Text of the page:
Chelle: I love meeting up with the HoH (Hard of Hearing) tribe at the various annual hearing loss conferences. A definition of tribe according to the Merriam-Webster Dictionary: A group of persons having a common character, occupation or interest. (Just so you know, the tribe includes our hearing family and friends.) Nothing feels better than being around others who get it in a world made for hearing loss with the proper accommodations.

Why I love hearing loss conventions…
  • First and foremost, I adore the people. Some of the best people I know have hearing loss. I have a lot of fun connecting with old friends and making new friends.
  • Second, I learn something every year from the people who attend, presenters and attendees. We share what we’ve learned and experienced and the strategies we use. New technology is shared and we learn about new research.
  • Third I get to see a different part of the country every time I attend. Half the fun is the travel, the site seeing and finding the character of each city we visit.

Here is a sample of some of the fun I’ve had at past hearing loss conventions.

SayWhatClub hearing loss convention; A white woman, Chelle, in a black dress with bug eyes glasses and wearing a tiara. A tall black man wearing regular glasses and striped shirt smiling. A white woman next to him in a tie dye dress with bug eye glasses and a tiara.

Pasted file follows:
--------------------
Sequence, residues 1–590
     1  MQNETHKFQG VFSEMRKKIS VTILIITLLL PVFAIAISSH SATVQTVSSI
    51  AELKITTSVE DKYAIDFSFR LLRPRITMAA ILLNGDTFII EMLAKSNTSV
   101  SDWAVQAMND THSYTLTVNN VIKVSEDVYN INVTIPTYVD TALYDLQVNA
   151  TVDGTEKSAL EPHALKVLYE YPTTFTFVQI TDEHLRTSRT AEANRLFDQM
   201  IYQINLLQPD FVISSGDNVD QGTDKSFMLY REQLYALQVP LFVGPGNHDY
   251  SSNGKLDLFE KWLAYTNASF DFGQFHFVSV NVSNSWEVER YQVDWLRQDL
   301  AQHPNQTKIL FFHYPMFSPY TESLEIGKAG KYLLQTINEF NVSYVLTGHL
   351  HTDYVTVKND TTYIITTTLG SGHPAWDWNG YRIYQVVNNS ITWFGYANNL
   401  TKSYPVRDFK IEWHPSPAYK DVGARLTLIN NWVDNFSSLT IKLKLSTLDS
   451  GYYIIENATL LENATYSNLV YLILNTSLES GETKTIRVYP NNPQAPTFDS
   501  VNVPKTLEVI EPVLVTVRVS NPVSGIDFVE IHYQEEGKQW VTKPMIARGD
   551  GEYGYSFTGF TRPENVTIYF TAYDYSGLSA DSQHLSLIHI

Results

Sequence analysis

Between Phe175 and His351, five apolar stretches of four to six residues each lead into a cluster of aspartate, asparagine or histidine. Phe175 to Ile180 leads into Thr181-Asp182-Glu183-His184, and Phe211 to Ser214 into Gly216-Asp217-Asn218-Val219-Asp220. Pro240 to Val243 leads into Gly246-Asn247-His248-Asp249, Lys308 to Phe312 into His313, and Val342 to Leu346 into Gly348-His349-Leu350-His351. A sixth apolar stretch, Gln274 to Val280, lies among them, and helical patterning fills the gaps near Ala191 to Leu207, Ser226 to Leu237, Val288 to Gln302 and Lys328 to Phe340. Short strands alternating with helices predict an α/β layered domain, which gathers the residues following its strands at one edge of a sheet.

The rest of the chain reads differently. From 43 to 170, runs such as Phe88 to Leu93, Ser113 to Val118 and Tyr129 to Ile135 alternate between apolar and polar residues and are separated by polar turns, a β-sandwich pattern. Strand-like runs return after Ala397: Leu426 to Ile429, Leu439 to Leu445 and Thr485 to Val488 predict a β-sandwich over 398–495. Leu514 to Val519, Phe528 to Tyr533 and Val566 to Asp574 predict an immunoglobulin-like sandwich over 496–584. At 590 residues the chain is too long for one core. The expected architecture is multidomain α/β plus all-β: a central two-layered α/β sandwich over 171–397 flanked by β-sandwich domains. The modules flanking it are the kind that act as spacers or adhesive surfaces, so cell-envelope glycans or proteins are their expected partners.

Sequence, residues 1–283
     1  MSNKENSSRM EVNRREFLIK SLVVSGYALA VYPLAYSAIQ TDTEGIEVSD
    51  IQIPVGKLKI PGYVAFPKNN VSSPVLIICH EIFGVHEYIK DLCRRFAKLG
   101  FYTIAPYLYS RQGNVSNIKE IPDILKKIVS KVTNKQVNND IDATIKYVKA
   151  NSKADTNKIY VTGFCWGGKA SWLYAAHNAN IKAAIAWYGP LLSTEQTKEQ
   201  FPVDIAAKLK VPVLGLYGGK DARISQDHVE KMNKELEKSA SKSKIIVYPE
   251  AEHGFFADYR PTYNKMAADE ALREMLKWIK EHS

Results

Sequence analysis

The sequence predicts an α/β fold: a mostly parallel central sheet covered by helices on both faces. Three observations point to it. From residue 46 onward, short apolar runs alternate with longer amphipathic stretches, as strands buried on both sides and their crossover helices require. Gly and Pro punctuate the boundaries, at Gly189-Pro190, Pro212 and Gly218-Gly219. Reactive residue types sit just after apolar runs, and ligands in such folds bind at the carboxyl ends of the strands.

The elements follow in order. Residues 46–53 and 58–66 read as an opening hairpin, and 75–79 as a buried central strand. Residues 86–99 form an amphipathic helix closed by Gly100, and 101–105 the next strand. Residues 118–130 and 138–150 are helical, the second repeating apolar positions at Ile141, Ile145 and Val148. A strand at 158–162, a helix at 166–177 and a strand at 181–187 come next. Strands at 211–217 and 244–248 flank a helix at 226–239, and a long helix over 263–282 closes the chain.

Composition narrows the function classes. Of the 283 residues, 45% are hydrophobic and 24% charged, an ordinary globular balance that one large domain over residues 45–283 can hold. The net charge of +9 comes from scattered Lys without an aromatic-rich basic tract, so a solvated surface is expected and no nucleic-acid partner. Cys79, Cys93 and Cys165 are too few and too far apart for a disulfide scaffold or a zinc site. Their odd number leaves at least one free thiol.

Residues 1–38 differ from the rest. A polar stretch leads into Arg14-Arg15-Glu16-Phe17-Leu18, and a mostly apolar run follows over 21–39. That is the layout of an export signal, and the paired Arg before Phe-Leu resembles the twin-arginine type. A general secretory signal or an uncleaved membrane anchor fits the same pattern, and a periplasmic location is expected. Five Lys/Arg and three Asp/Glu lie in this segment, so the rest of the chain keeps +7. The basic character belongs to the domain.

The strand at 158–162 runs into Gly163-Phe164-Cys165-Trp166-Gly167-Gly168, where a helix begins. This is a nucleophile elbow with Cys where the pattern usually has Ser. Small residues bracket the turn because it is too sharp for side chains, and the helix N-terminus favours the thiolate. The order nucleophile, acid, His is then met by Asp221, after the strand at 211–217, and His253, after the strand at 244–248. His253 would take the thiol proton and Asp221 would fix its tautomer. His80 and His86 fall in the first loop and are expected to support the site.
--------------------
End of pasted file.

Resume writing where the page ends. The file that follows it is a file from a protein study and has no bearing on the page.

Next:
In Madison Wisconsin at the SayWhatClub having fun being silly with another HoH friend.
Several people standing at a light rail stop with their hands in the air at night.
The SayWhatClub convention in Salt Lake. We missed our stop not hearing announcements on the light rail.
A woman in a tutu posing with a man in a kilt.
SayWhatClub in Williamsburg, VA
A giant rocking chair made by CaptionCall. A man sitting on the left with his mouth open and a woman next him laughing.
At the Minneapolis HLAA convention with my Utahn HoH friend.
Julia and I presenting at the ALDA con in San Diego last year.
HoH People Know How to Have a Good Time Together

As you can see, I’m all about having fun at hearing loss conventions, no matter where I am. My Burning Man days are still very much a part of me so I’ll go with feather boas, tiaras and if a friend brings bug eye glasses, hell yeah! I’ve worn super tall balloon hats, fancy dresses and gone western for a theme.

The Places I’ve Been

I’ve camped in Rocky Mountain National Park with about 30 HoH people. I’ve been to Providence RI, Williamsburg VA, Madison WI, Rochester NY, Minneapolis, Savannah GA and Nashville. These are all places I’ve explored only because of hearing loss conventions. I’ve had a good time in each city with memories that will stay with me forever.

The Things I’ve Learned